Math Biology Seminar: Sumreen Javed

  • Date: 01/29/2020
  • Time: 13:45
Sumreen Javed (UBC Pharmaceutical Sciences)

University of British Columbia


Role of Invadopodia in Tumor Dissemination through the Lymphatic System


Breast cancer remains the second leading cause of cancer-related death with metastasis accounting around 90% of the total deaths. Specialized subcellular structures termed invadopodia play a critical role in metastasis, aiding tumor cell dissemination to distant sites. Invadopodia have documented roles in aiding tumor cells movement into (intravasation) and out of (extravasation) the blood vessels. While movement through the hematogenous system is well characterised, we are limited in our understanding of dissemination through the lymphatics. In this study we explore the role of invadopodia in aiding tumor cells invasion through the lymphatics. To impair invadopodia formation, knockout (KO) of key invadopodial regulatory protein Tks5 was performed in human breast cancer cells MDA-MB-231. Invadopodia formation in Tks5-KO cells was found to be completely abolished. We assessed cell invasion across a lymphatic monolayer and found a significant reduction in lymphatic invasion for Tks5-KO cells. Next, using transendothelial electrical resistance (TEER) we measured lymphatic tight junction integrity and found that control cells were able to reduce lymphatic tight junctions but this was significantly impaired in Tks5-KO. Overall, the inability of Tks5-KO cells to form invadopodia compromised their ability to invade through the lymphatics suggesting that invadopodia aid tumor cells invasion through the lymphatic system. Current studies are expanding on this work to better understand the role of invadopodia in lymphatic dissemination through the use of live cell imaging and bioluminescent imaging of progression and lymphatic invasion in mice.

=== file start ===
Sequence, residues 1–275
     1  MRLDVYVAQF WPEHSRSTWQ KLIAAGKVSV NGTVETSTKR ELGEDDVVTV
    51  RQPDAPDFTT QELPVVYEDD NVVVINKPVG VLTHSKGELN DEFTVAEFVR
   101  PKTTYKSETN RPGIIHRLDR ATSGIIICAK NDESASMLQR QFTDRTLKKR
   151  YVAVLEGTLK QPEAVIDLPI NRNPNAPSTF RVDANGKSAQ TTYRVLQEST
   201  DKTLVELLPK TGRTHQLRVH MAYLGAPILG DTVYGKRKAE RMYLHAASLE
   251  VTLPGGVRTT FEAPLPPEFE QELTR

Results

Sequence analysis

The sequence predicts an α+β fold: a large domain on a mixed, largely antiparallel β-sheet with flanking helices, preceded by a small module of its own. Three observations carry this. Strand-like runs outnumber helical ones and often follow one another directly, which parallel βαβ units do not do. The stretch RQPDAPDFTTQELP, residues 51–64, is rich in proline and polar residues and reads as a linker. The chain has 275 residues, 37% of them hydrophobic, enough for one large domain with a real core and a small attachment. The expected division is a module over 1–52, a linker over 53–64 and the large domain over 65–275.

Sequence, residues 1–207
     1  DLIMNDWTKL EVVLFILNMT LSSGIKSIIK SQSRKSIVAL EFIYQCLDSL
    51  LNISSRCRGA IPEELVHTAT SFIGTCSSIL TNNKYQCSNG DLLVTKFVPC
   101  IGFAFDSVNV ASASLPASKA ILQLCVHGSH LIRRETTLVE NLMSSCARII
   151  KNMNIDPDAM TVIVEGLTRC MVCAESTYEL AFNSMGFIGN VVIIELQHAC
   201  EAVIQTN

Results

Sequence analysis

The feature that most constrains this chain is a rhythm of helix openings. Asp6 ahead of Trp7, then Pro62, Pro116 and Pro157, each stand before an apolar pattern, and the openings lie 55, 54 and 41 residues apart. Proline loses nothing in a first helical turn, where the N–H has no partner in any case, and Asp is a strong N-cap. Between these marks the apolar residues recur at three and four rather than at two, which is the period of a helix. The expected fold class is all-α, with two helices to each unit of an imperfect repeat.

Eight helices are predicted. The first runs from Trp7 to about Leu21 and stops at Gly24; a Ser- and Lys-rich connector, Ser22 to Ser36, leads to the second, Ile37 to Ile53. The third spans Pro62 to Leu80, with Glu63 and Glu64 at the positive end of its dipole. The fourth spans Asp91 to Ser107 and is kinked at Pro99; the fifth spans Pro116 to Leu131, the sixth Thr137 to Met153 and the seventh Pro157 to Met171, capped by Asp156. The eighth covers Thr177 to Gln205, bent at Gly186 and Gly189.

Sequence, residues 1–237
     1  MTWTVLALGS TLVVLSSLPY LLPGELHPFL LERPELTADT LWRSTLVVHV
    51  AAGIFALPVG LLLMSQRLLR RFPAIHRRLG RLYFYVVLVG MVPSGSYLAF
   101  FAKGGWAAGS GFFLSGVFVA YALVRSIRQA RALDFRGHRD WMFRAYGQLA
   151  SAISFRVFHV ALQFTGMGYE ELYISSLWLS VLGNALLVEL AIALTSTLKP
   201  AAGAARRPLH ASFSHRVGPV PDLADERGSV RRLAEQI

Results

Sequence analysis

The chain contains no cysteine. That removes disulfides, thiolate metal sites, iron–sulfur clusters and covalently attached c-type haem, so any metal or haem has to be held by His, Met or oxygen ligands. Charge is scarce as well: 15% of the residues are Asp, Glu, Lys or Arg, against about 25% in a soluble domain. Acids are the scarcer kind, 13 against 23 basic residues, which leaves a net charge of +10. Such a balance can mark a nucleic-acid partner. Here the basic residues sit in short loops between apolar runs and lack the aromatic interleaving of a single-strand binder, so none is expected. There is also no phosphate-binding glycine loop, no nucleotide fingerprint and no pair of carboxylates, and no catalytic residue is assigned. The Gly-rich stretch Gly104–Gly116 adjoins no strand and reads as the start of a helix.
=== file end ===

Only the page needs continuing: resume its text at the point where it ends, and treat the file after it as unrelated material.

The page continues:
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Location: ESB 4133